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Such was the end of a man in no wise contemptible. In five and thirty campaigns he had served the State, and had gained distinction both at home and abroad. His blamelessness and integrity no one could question. He was somewhat boastful; this was the only fault of which rumour accused him in the seven years during which he had governed Mœsia, and the twelve during which he was prefect of the city. In the closing scene of his life some have seen pusillanimity, many a moderate temper, sparing of the blood of his countrymen. One thing is allowed by all, that, before the accession of Vespasian, the distinction of the family was centred in Sabinus. I have heard that his death gratified Mucianus, and many indeed asserted that the interests of peace were promoted by the removal of the rivalry between these two men, one of whom felt himself to be the brother of the Emperor, while the other thought himself his colleague. Vitellius resisted the demands of the people for the execution of the Consul; he was now pacified, and wished, it would seem, to recompense Atticus, who, when asked who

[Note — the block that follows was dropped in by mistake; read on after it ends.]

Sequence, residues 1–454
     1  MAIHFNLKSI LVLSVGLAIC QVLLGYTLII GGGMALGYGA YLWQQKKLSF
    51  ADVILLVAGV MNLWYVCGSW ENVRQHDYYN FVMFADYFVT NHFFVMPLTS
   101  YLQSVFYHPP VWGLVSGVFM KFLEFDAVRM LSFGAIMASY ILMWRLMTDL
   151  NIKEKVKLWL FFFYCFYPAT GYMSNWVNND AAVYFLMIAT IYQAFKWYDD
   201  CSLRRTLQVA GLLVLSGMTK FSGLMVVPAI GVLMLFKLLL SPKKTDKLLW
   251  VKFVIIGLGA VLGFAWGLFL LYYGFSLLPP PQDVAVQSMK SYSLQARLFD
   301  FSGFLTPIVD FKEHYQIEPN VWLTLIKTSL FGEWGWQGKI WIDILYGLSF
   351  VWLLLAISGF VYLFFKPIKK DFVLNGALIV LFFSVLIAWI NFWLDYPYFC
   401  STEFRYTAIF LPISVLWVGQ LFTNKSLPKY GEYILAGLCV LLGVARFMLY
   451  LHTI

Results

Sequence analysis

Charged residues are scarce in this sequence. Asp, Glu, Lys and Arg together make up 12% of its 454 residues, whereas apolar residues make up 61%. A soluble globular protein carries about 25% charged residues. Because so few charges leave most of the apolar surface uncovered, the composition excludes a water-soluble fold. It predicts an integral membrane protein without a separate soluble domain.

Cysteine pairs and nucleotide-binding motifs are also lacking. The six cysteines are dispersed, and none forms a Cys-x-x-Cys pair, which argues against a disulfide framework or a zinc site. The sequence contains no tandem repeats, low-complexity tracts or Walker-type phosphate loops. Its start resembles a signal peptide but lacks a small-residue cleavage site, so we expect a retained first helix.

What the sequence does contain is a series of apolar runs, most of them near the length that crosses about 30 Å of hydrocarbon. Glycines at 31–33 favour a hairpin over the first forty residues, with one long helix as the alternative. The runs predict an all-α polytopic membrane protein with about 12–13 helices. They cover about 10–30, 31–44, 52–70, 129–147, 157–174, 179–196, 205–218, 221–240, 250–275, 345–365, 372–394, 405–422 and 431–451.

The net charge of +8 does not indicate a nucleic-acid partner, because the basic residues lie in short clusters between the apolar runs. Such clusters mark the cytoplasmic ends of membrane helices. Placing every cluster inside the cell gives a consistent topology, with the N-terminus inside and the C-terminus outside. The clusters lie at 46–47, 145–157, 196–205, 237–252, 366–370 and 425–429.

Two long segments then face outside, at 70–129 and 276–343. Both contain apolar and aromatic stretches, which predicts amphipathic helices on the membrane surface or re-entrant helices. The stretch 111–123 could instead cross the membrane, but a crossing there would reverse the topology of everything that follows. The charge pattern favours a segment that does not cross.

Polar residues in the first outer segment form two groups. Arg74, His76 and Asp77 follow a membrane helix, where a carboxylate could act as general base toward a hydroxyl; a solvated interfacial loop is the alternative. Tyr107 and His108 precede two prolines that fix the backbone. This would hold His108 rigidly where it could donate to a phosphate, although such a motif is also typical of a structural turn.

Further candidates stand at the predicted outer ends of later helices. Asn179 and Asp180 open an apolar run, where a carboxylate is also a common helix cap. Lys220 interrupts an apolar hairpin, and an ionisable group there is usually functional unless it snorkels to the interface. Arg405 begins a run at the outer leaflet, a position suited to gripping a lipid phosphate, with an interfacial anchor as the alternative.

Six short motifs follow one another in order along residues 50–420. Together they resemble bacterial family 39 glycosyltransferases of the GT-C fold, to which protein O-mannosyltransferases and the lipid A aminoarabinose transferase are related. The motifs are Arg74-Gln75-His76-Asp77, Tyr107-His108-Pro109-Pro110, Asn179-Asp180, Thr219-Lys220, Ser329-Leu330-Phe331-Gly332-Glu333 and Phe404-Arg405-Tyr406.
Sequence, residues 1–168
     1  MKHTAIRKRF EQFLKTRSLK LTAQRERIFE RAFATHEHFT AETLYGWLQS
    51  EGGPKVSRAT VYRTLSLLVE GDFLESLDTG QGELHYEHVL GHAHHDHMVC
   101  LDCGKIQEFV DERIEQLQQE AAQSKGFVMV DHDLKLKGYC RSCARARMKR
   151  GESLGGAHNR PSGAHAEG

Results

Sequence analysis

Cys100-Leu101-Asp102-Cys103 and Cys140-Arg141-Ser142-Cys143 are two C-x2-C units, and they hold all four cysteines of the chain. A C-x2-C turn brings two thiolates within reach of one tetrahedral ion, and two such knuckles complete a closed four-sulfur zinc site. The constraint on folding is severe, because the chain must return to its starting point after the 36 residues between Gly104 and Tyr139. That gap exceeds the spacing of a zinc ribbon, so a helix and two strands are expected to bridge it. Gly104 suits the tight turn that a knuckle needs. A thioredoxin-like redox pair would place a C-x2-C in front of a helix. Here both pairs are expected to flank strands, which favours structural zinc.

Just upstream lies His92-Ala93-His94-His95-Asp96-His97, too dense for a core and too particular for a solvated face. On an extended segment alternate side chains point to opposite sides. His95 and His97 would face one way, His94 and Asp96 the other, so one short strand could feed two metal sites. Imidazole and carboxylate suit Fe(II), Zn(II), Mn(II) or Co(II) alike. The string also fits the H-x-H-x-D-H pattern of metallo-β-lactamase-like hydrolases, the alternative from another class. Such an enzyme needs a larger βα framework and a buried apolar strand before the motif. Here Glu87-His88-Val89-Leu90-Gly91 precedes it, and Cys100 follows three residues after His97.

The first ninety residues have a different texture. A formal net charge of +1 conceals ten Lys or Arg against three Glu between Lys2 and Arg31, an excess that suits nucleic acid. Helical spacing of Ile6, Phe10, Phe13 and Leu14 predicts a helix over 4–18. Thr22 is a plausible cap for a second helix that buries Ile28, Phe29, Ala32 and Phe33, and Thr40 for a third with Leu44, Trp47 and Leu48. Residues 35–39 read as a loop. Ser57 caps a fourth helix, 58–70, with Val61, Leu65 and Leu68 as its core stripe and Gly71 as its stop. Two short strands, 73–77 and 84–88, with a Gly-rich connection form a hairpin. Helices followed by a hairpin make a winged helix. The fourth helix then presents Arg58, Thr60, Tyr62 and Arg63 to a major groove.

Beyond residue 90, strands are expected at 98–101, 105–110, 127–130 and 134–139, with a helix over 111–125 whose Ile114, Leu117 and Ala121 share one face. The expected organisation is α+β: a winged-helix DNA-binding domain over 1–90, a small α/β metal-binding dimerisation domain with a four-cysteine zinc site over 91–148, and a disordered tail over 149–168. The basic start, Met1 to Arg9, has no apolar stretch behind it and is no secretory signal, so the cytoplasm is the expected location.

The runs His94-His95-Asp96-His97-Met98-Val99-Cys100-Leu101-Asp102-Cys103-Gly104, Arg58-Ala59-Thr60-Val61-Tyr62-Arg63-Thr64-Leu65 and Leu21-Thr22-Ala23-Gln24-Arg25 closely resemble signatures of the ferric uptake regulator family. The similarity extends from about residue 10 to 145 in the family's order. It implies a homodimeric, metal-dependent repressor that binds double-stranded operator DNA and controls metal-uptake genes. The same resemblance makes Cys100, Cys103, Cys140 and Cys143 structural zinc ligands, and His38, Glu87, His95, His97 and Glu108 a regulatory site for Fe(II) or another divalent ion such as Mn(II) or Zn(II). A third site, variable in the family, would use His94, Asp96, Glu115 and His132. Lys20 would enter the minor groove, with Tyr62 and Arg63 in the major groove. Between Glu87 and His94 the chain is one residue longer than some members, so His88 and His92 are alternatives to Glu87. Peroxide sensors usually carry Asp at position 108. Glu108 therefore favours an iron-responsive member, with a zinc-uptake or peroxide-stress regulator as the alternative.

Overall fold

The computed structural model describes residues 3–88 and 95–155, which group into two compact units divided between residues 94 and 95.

VESPASIAN'S BROTHER KILLED
had set fire to the Capitol, had confessed his own guilt, and by this confession, which may indeed have been an opportune falsehood, was thought to have taken upon himself the odium of the crime, and to have acquitted the Vitellianist party.

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